There's a part of me that said, `Well, OK, if a person has two sides of them and can write this wonderful story and also write the segregation forever speech, maybe that's OK.' But I couldn't — I couldn't live with that."
But let's apply her rationale to the marriage between all novels and authors -- can we ever enjoy a book written by a jerk? And admit that we liked it? How badly must a storyteller sin before we can no longer receive a story?

Fronting For Patricia Maclachlan

I'll be reading Rickshaw Girl during the Alcott School (named after one of my favorite dead authors) Book Fair at the Concord Bookshop at 2 o'clock this afternoon, followed at 3 by Patricia Maclachlan, one of my favorite living authors (think Sarah, Plain and Tall).

Winter Blog Blast Tour Begins

As a proud participant in last summer's blog blast tour, I'm delighted to announce the launch of a winter BBT. Colleen Mondor has the master plan.

Snowflakes Keep Falling On My Head

Monday, November 5

Tuesday, November 6
Wednesday, November 7

Thursday, November 8

Friday, November 9

Saturday, November 10

Sunday, November 11

Who Shall Draw Our Children?

After our past chats about authenticity and the right to tell a story, I thought my Fire Escape visitors would enjoy this synopsis by Fran Manushkin of last month's PEN young adult and children's book committee meeting, and she kindly gave me permission to excerpt it for you:
At our October meeting, we had a lively exchange about writing books about groups or cultures that are not our own:

Bob Lipsyte spoke about his groundbreaking novel, THE CONTENDER. Ellen Levine talked about her picture book, I HATE ENGLISH, which deals with a Chinese child. Helen Benedict spoke about her novel, THE OPPOSITE OF LOVE, about a biracial teenager; and Catherine Stine mentioned her novel, REFUGEE, about an Afghan boy seeking asylum from war. Each of these writers described the extensive research they did as well as the depth of their commitment to doing justice to the themes and characters they depicted.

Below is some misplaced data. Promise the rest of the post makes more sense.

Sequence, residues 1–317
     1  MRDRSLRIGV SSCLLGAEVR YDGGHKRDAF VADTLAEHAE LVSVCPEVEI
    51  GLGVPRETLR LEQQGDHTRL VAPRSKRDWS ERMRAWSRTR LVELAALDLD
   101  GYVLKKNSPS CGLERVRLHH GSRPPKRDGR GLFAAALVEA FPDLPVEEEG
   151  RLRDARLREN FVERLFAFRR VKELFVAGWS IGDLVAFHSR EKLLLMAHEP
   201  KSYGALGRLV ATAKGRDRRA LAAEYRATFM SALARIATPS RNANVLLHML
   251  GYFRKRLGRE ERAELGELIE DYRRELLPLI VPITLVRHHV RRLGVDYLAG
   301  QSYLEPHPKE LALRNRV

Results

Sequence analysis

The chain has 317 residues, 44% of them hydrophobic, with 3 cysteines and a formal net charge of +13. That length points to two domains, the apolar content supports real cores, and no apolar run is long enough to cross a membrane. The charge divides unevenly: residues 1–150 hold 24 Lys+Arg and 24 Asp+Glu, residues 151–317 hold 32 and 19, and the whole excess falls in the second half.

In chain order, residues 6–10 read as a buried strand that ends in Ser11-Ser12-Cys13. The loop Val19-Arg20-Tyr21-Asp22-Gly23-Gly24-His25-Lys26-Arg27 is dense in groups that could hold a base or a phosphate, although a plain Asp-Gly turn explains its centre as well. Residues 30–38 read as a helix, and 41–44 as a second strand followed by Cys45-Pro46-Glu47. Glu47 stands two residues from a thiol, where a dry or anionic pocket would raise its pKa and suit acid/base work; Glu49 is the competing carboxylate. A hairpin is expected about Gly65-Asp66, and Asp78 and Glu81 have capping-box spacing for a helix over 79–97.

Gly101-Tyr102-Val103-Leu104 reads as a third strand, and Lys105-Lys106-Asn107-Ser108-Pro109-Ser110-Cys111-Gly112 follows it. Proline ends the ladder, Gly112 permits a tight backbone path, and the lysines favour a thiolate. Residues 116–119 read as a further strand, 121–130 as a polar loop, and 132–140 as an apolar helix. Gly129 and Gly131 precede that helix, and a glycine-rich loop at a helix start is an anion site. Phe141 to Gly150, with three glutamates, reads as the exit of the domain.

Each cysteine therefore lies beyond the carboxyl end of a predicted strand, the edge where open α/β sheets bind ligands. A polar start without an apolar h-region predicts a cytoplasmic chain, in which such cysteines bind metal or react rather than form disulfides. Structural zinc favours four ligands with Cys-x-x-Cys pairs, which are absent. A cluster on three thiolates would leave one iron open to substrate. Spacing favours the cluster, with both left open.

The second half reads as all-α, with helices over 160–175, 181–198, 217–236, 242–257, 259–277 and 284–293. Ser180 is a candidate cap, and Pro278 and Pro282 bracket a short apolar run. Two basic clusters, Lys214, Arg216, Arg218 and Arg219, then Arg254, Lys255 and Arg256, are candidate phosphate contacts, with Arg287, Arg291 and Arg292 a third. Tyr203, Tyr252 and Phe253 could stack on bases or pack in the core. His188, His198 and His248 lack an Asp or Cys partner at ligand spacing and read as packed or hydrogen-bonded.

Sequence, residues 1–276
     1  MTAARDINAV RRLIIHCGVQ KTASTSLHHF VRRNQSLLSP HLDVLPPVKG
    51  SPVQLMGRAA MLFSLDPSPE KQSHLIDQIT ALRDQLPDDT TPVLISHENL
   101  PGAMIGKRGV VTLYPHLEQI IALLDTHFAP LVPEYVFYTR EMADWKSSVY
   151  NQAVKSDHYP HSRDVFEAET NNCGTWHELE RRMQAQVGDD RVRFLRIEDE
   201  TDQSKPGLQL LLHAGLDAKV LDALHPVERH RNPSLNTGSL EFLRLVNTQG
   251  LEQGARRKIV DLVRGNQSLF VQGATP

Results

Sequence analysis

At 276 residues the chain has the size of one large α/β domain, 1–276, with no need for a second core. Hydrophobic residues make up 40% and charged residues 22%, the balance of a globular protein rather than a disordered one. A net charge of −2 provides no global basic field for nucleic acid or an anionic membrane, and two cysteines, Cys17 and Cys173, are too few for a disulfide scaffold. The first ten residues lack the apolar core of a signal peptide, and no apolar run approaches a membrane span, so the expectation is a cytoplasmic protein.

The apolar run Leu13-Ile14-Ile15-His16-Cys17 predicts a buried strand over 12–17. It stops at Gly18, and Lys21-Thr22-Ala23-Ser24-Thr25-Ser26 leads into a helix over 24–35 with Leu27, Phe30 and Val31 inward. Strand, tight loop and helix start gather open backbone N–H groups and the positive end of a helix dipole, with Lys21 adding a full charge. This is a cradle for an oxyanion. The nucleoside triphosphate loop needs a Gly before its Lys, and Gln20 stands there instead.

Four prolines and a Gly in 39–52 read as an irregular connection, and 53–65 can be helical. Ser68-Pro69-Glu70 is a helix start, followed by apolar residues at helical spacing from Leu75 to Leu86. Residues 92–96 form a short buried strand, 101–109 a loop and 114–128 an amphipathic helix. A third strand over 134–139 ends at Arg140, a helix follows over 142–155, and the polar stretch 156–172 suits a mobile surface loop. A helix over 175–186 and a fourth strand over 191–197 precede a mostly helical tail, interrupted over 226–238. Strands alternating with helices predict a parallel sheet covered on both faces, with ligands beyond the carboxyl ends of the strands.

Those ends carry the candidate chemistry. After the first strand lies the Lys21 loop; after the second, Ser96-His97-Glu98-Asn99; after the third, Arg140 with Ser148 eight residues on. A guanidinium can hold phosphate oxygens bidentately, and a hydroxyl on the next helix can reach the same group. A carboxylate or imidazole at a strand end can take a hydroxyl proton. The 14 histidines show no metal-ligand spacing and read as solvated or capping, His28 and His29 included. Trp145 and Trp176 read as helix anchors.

We also talked about the complex issue of who should illustrate picture books about minority groups: Ezra Jack Keats's groundbreaking picture book, THE SNOWY DAY, appeared before African-American artists were given extensive opportunities; and today many editors prefer that books about African-Americans be illustrated by African-American artists. Cheryl Hudson, who is both a writer and the publisher of Just Us Books, gave a quick overview of changes in the field since THE SNOWY DAY. We also looked at picture books written and illustrated by people across cultural boundaries, including, THE FUNNY LITTLE WOMAN by Arlene Mosel and Blair Lent, and THE THREE SAMURAI CATS by Eric A. Kimmell, illustrated by Mordecai Gerstein.
My view is that storytellers should not be limited by race or culture, neither our own nor our characters, but does the same hold true for illustrators? I believe so, and was thrilled with artist Jamie Hogan's illustrations for my own Rickshaw Girl, despite my initial suggestion of several South Asian artists' names to Charlesbridge (which they requested, considered, and decided against after realizing Jamie's art worked so well). Why, then, does my gut feel slightly more reluctant about this wide-open "yes" to illustrators crossing borders than the one I resoundingly shout when it comes to writers attempting the same?

What I Meant

Marie Lamba's What I Meant, yet another novel in my pile labeled "must read in December after my revision" got a nice review in School Library Journal:

Gr 8 Up—Sangeet, 15, is the daughter of an Indian father and American mother ... teens will enjoy the interesting cast of characters and the book will have broad appeal, leaving readers wanting more.—Cara von Wrangel Kinsey, New York Public Library